Medical research: Drugs doubled up

Cancer Cell 12, 81–93 (2007)

Researchers have found a way to prolong the effectiveness of targeted cancer therapies in a mouse model of lung cancer.

The therapies gefitinib and erlotinib inhibit a protein called epidermal growth factor receptor kinase, thus shutting down tumour growth in some non-small-cell lung cancers. But the tumours soon acquire secondary mutations that make them resistant to the drugs.

Geoffrey Shapiro and Kwok-Kin Wong of the Dana-Farber Cancer Institute in Boston, Massachusetts, and their co-workers show that a drug designed to combat these secondary mutations, HKI-272, doesn't work well on its own in mice engineered to get cancer. But when combined with an existing drug, rapamycin, HKI-272 quickly fights back tumours, suggesting that this one-two punch may serve as a back-up to extend the benefits of targeted therapies.

Microbiology: Birth of a plague

Cell. Microbiol. doi:10.1111/j.1462-5822.2007.00986.x (2007)

Scientists may have identified a step in the evolutionary path that produced the bubonic plague.

Bubonic plague is caused by the bacterium Yersinia pestis, which is transmitted to humans by rat fleas. B. Joseph Hinnebusch of Rocky Mountain Laboratories in Hamilton, Montana, and his colleagues report that a related bacterium, Yersinia pseudotuberculosis, is toxic to fleas, causing diarrhoea.

They think this toxicity is due to a protein that acts in the flea gut. The researchers ruled out Tc toxins, a class of bacterial toxins with known insecticidal activity, as being to blame, leaving the identity of the protein unknown.

The group suggests that modification of the toxic protein may have enhanced flea-borne transmission and played a part in the genetic divergence of the two bacteria.

Wheels in motion

Phys. Rev. Lett. 98, 266102 (2007)

Credit: AM. PHYS. SOC.

Could a molecular-scale paddlewheel drive nanoscale liquid flows? Boyang Wang and Petr Král of the University of Illinois, Chicago, tested the idea using computer simulations.

The researchers modelled a paddlewheel made from a single-walled carbon nanotube with four flat molecular propellers attached around its circumference. As the tube spins, the paddles dip into a liquid layer below (pictured).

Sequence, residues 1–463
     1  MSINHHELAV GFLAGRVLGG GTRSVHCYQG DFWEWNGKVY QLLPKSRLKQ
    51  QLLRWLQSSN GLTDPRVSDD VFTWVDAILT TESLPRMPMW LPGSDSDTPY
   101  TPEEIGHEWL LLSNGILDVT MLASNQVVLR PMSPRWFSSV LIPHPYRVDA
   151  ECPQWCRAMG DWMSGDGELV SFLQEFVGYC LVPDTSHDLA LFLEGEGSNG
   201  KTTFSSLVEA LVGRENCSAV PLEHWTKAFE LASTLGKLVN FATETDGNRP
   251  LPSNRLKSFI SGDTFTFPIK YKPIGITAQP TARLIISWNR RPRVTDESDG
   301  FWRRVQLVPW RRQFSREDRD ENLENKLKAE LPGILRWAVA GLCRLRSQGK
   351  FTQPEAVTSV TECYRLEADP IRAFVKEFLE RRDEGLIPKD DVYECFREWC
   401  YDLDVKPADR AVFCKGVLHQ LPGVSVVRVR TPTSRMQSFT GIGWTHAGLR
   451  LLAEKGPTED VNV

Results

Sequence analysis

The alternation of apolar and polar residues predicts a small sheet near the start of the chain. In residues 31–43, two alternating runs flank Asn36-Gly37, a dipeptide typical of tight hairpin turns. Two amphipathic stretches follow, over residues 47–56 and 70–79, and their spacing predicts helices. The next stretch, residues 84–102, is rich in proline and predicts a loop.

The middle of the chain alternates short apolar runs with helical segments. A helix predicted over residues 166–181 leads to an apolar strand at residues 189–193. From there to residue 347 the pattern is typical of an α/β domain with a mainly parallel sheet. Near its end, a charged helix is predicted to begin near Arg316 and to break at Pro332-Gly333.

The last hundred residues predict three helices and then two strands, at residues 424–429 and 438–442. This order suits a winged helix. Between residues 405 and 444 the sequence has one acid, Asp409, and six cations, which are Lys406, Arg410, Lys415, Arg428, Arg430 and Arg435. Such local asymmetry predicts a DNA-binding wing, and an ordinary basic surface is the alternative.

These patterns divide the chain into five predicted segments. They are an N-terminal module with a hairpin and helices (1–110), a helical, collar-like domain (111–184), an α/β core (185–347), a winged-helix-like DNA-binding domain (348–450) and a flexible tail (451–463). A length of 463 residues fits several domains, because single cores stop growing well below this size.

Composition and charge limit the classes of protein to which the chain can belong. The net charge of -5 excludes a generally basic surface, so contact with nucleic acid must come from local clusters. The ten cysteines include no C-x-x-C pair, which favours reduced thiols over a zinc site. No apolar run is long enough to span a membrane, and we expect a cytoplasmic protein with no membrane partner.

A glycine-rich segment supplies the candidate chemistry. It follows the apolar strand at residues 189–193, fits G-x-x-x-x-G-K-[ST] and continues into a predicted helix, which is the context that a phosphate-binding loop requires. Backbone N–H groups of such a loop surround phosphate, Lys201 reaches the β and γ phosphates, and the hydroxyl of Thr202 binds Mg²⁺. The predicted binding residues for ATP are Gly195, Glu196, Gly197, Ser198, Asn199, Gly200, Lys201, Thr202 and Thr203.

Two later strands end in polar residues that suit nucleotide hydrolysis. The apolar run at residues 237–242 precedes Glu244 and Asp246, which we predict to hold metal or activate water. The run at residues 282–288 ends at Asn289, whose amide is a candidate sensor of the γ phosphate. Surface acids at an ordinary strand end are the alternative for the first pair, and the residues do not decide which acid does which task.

It was conceivable that the paddles might have simply disturbed the liquid molecules without forcing them forward, but the researchers say that the motion can indeed induce flow. The pumping rate depends on how the propellers interact with the liquid. For example, water sticks to hydrophilic paddles, clogging up the flow, whereas liquid long-chain alkanes create problems because the paddles struggle to drag them out of their entanglements.

Journal club

Michael A. Marletta

University of California, Berkeley, USA

A biochemist marvels at a molecule that shares his love of playing with fire.

I like to capture my students' attention by recounting how my early fascination with fire inspired my interest in the stability of sugars.

Glucose will 'burn' to carbon dioxide and water, liberating lots of energy. But it is stable enough that you can stamp on it without triggering the reaction — the energy barrier to the reaction is too high.

In my research, I am interested in how biology harnesses and controls oxygen reactivity. Most reactions, such as burning glucose, are held back by an energy barrier to getting things started. Enzymes can bypass this, finding a lower energy route through some reaction intermediate, to carry out a 'controlled burn'. Their control is not perfect, sometimes causing damage to both themselves and surrounding molecules, but by and large it works.

Typically, these enzymes have metal or organic components, which drive the oxidation. I often tell students that enzymes need their metal and organic cofactors because the 20 naturally occurring amino acids cannot carry out all the chemistry. Two recent papers shake that belief.

The surprise comes from the enzyme DpgC, which is involved in the biosynthesis of the antibiotic vancomycin. The first paper (C. C. Tseng et al. Chem. Biol. 11, 1195–1203; 2004) reports that DpgC uses oxygen in a complex dioxygenase reaction with no bound metal or organic cofactor.

More recently, researchers reported the structure of DpgC and confirmed that it has no cofactor (P. F. Widboom et al. Nature 447, 342–345; 2007). They find that the enzyme has a structure known as an oxyanion hole, which helps to stabilize the reaction intermediate.

I am still amazed that DpgC does oxygen chemistry with no help — and my students should be too.